I’m still waiting on a transcript but the top line numbers do not look so great to me. They reported $204 mm in revenue, a 17% increase from last quarter. On the surface, that sounds quite good!
But if you look at Q4 2019 and 2018, they grew 48% and 35% QoQ respectively. So this quarter, seasonally speaking, was a rapid deceleration in revenue from prior Q4’s. I don’t know what, if any excuse, there would be for this. If anything, AFRM should have had a stronger Q4 since the holiday shopping season started earlier. Other companies with seasonally strong Q4 have done quite well this year, such as PINS and MGNI. I wonder though if PINS/MGNI may be outliers, and perhaps this bad Q4 that Affirm had foretells a poor Q4 for ecommerce plays such as SHOP and ETSY.
Additionally, and this is maybe where I could use some assistance, their margins are not so great relative to our SAAS companies. They don’t report our beloved metric, Non-Gaap Adjusted Margins, but they did report “Total revenue less transaction cost” of $89mm. This means transaction cost was $114m in the quarter (revs of $204 minus revs_less_transaction_cost of 89mm equals $114mm). So gross margin is just Cost of Goods Sold divided by sales. If we treat transaction cost as cost of goods sold (and, for sure, maybe I am wrong to do this - any one with more expertise in these matters please let me know), we can approximate gross margin equals 89mm divided by $204mm, or 56%.
Additionally, they are guiding for negative revenue growth in Q1. In Q1 2020 and Q1 2019, they grew at 6% and 5% respectively.
I was excited about AFRM, but the reality is that we have a company with already weaker gross margins than our board favorites, customer concentration risk (Peloton), decelerating revenue (big time), and weak guidance.
I had initially taken a 1-2% trial position in this company a few weeks ago but should probably sell out.
Thanks for your post. I have watched some of these companies pop up, and I don’t really understand the barrier to entry on the whole field. The idea of splitting payments up isn’t really new. Dozens of small companies seem to be doing essentially the same thing. Big companies like American Express, Chase and Citigroup have jumped on the bandwagon. How long before offering split payments is an assumed service that a majority of businesses offer, like accepting credit cards? But the ubiquity and ease of creating and offering it could have enough competition that margins and fees the fintechs are able to charge shrink to negligible amounts.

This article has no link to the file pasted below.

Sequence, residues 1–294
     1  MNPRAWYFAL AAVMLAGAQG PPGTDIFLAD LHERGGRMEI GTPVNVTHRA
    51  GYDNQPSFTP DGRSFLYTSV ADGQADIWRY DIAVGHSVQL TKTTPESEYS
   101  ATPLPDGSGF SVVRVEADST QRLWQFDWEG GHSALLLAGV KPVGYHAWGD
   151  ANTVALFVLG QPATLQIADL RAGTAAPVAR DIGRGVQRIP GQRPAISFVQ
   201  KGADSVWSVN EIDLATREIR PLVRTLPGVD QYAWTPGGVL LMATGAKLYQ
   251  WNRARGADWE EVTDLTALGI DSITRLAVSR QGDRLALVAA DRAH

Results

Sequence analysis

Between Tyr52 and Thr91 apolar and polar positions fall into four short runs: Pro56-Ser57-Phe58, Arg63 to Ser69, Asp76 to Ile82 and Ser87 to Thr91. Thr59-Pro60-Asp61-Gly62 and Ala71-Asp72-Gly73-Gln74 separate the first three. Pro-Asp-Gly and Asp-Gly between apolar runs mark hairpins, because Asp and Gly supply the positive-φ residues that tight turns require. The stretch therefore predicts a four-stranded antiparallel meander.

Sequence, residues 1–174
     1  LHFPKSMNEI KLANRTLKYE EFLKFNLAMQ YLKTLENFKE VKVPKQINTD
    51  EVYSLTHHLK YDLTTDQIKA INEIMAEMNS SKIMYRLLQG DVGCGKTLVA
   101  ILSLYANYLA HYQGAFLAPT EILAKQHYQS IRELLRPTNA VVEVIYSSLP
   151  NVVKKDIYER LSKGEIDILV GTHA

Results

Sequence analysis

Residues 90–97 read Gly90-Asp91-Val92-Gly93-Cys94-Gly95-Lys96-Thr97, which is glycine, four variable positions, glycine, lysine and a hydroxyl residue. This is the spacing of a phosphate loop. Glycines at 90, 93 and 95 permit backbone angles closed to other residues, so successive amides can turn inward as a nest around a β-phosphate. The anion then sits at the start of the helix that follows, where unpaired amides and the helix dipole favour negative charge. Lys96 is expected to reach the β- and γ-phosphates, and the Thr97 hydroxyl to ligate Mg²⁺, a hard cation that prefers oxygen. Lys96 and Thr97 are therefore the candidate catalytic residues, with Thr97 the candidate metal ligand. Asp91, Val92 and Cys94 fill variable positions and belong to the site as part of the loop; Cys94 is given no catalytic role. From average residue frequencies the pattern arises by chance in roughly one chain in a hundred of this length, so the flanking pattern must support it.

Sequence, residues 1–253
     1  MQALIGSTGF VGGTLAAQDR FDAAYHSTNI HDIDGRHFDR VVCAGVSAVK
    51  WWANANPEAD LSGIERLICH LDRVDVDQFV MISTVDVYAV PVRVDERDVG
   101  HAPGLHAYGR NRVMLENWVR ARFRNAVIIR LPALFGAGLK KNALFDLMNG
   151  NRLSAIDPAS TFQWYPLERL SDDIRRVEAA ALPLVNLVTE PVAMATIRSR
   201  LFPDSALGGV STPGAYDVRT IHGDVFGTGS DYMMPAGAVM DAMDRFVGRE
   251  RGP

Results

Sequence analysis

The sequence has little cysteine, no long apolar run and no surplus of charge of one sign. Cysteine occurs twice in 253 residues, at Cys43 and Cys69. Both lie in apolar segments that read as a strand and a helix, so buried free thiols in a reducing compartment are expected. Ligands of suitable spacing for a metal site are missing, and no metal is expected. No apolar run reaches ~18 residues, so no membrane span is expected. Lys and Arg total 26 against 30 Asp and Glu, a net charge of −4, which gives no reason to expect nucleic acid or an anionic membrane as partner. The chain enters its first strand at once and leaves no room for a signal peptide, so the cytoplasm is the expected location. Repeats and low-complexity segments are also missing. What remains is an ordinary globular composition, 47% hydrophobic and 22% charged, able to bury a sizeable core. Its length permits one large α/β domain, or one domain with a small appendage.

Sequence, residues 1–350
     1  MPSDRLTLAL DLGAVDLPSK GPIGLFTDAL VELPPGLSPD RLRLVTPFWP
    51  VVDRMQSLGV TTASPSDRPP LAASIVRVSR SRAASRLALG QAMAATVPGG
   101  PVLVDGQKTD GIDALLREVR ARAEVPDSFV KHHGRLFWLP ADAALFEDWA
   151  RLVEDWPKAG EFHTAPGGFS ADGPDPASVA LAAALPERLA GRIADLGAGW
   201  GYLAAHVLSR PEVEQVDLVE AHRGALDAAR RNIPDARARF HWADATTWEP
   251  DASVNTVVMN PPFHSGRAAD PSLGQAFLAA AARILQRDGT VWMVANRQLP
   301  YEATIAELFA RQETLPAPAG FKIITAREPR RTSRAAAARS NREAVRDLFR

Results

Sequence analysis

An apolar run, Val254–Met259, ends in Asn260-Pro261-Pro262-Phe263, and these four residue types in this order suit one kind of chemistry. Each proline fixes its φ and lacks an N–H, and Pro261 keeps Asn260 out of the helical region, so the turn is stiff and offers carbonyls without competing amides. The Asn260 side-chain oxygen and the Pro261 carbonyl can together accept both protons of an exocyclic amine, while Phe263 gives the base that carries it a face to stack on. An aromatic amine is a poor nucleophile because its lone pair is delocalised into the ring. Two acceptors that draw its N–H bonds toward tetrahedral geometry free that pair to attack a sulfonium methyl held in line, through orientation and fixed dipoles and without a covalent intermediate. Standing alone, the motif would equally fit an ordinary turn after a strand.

Why go through a specific company’s payment plan, or attempt to seek out merchants offering such plan, which seems to be the draw for merchants to sign up. Every credit card company you already do business with can offer a split-pay convenience without having to build a separate network, lure in customers or rely on a network effect to build a sustainable scale. They have the relationships already and people have the cards in their wallets now.
I’m interested in the Fintech space, but I don’t understand enough about how this particular segment of it can really justify itself as a long-term pure-play with enough competitive advantage to sustain good growth or margins.
You bolded the following:gross margin equals 89mm divided by $204mm, or 56%.
I followed your argument until here, but $89 divided by $204 is 43.6%, not 56%. Did I miss something?
I read somewhere that they’ll be affected by how Peloton recognizes revenue. Since Peoloton is a concentrated customer for them, I’d imagine this is the reason for negative revenue growth.
Yes you are correct, @BruceDavis. What I should have said was that we are approximating cost of goods sold to be 204-89 = 114. So then gross margin would be 114/204, which is 56%. Thanks for catching that. I prefaced it that I would need help with that and I did, just not for the reason I thought I would lol.
Also, @JustinFields was sort of asking “Why use Affirm?” I had read a long deep dive by Bert Hochfeld where he pretty much explained that the secret sauce, allegedly, is in the algorithm that Affirm uses to intelligently approve more people than other companies.
If it was simple and easy to offer a buy now pay later solution, they wouldn’t be able to win the notable customers they won such as Shopify, Peloton, and Walmart. Especially Shopify, since it’s known to come up with cutting edge tech solutions to its own problems.
- PTON is around 30% of Affirm revenue.
- PTON changed from recognizing revenue at time of purchase to time of delivery.